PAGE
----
GEnder equality


About 20% of ultra runners are women.

That is ridiculous.

Women are extremely strong long-distance runners. In fact, the longer the distance, the less of a time advantage a man has. As a woman myself, I understand some of the challenges. Women are the ones having babies, they are the ones often primarily caring for children--whether they stay at home with the kids or whether they work outside the home. They are often intimidated by the idea of ultras, not because they can't do it, but because perhaps they just don't know it's a great fit for them. We want to see more women out there, and we are committed to doing our part to see it happen.

One way we are trying to address this lack of parity is with our race rules. Women get pregnant. It's hard to sign up for an expensive race when you know you might get pregnant, intentionally or not, and not be able to transfer or postpone the entry. Most races do not have specific rules when it comes to pregnancy. We do.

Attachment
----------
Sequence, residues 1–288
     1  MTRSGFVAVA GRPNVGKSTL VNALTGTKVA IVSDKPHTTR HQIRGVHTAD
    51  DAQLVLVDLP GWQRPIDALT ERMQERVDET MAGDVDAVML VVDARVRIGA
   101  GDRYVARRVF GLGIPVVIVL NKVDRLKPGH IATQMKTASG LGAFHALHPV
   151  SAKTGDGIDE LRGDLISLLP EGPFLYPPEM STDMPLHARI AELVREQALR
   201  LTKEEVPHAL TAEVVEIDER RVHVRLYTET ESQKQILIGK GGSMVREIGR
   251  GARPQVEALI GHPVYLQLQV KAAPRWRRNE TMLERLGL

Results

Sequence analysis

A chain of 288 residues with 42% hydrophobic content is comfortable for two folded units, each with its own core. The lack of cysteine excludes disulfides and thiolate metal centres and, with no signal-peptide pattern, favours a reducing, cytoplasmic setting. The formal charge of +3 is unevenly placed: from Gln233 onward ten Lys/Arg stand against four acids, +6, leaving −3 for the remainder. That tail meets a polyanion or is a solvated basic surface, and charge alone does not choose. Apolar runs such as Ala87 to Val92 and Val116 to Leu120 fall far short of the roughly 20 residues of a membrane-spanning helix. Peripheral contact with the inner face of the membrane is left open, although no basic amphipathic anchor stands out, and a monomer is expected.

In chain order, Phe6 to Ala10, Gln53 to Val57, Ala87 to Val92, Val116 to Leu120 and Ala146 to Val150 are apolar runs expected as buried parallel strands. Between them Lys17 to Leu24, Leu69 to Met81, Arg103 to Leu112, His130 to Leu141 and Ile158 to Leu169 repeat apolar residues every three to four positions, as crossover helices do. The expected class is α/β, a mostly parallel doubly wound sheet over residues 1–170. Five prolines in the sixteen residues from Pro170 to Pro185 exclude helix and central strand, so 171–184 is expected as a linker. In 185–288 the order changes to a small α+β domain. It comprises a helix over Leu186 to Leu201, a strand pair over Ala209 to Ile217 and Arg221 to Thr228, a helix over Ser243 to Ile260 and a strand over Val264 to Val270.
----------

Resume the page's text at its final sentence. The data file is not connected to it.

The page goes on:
We know time gaps between men and women diminish with longer distances. We have seen multi-stage ultras where women are very close to winning the overall. And this is with only 20% of competitors being women! Imagine if 50% were women--surely women would be on the overall first place podium regularly. So here again, we are changing the rules. We of course offer equal prize money for men and women. However, we are adding a twist. If a woman wins not only women's first place, but also the overall, we'll add $1,000 to her prize money. Let the games begin!